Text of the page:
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Build Your Business: Management
Creating a Company Handbook
I remember my first day walking into a new job. I didn’t know where the restroom and break room were, who my boss was and little of what was expected of me. No one took me through the building and to introduce me to the other employees. It was not a good feeling.
It doesn’t matter if you have one employee or 1,000, it’s important to have workplace rules and regulations in place. One of the best ways to communicate company guidelines is through an employee handbook, which you can give to every member of your staff. Even if you have been in business for years, it’s not too late to add this to your business and relieve doubt on company policies.
The first step is to write down the key components your handbook. Think through a typical day in your shop step by step. Consider your own job experiences and think of all of the things you wish you had known when you walked in the first day of a new job. If you have owned your business for a long time, think back to how many times you have heard, “I didn’t know that.”
Possible topics for a company handbook include:
– Business hours
– Lunch and breaks (time and duration)
– Parking and public transport information
– Clocking in and time-card protocol
– Attendance policy
– Office personnel and their roles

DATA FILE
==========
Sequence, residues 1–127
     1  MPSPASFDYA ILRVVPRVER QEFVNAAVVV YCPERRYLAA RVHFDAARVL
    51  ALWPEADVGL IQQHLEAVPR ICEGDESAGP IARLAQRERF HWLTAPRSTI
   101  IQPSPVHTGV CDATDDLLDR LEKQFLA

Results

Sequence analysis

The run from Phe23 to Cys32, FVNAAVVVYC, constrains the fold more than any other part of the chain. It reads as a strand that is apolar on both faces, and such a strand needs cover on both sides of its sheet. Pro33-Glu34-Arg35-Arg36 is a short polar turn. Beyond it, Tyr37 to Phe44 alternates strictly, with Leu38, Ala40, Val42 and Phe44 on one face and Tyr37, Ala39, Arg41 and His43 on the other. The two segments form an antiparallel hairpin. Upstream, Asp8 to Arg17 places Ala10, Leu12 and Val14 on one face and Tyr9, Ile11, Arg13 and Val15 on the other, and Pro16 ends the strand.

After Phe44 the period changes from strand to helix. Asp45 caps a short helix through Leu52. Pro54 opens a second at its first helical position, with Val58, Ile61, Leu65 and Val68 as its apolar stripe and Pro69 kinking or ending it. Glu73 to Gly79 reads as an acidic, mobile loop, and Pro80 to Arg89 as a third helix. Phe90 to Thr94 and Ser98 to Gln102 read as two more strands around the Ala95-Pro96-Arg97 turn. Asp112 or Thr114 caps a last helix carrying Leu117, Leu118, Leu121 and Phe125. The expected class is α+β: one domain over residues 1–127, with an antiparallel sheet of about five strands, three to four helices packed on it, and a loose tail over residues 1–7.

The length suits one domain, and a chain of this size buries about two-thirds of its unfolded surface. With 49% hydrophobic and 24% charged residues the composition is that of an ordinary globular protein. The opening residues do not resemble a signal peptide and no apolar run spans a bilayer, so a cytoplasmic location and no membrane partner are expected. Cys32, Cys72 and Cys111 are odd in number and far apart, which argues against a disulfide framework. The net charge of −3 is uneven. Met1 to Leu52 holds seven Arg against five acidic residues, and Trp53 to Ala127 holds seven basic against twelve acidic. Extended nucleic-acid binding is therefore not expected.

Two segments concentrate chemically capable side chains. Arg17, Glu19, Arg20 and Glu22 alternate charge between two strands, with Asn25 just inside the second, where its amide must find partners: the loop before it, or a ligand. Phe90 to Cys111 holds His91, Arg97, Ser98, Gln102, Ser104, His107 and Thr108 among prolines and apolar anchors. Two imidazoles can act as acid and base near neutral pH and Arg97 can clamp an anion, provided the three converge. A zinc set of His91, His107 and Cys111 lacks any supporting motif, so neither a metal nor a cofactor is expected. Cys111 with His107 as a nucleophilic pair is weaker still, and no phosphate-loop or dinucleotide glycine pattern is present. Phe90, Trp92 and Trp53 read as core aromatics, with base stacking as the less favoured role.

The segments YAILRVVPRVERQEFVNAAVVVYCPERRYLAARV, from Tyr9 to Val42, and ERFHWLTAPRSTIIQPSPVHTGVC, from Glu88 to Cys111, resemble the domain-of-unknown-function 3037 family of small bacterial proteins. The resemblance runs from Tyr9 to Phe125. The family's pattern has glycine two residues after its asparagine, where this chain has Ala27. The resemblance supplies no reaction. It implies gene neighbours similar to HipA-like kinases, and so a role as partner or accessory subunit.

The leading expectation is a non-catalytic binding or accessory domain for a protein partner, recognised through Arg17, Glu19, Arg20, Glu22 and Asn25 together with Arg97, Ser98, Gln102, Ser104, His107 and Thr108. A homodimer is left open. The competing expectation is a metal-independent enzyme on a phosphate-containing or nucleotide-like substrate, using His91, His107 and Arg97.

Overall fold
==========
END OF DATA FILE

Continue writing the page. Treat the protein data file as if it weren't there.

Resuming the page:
– Pay schedule
– Drug testing/smoking
– Office behavior
Be clear about time off, sick days and vacations, along with holiday schedules and clocking in late or leaving early.
It’s also important to detail things that will get an employee terminated; for example, stealing, not working well with others or even too many absent days. This list will look different for every company, but being clear up front on what can and can’t be done saves you problems later on.
Two must-have policies are smoking and drug/alcohol testing. Before putting anything in writing, check out the laws in your state. This website offers great information for both employers and employees.
Your handbook does not need to be fancy. Type it up, print it and staple the pages together. If someone in your office is good with graphics and printing programs, then you can make it more elaborate.
Start making the list of things to put in your handbook and get to printing. Have an employee meeting and go over everything. You may discover your employees appreciate the idea.
Connie R. Smith has been in the embroidery industry for more than 30 years and has been an industry speaker and consultant. She also is an award-winning digitizer. For more information or to comment on this article, email Connie at firstname.lastname@example.org.
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